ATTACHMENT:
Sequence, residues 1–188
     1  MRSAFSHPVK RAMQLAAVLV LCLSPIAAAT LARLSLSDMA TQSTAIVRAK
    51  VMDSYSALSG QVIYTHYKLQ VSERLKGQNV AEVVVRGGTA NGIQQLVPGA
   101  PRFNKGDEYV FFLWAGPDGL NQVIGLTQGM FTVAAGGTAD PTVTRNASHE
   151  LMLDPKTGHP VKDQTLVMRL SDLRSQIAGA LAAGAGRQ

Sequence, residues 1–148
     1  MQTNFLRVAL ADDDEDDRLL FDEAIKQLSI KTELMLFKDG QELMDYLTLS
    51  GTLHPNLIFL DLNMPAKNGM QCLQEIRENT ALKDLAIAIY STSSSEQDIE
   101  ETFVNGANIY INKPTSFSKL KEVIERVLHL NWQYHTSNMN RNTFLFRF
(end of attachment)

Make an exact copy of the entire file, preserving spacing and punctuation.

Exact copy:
Sequence, residues 1–188
     1  MRSAFSHPVK RAMQLAAVLV LCLSPIAAAT LARLSLSDMA TQSTAIVRAK
    51  VMDSYSALSG QVIYTHYKLQ VSERLKGQNV AEVVVRGGTA NGIQQLVPGA
   101  PRFNKGDEYV FFLWAGPDGL NQVIGLTQGM FTVAAGGTAD PTVTRNASHE
   151  LMLDPKTGHP VKDQTLVMRL SDLRSQIAGA LAAGAGRQ

Sequence, residues 1–148
     1  MQTNFLRVAL ADDDEDDRLL FDEAIKQLSI KTELMLFKDG QELMDYLTLS
    51  GTLHPNLIFL DLNMPAKNGM QCLQEIRENT ALKDLAIAIY STSSSEQDIE
   101  ETFVNGANIY INKPTSFSKL KEVIERVLHL NWQYHTSNMN RNTFLFRF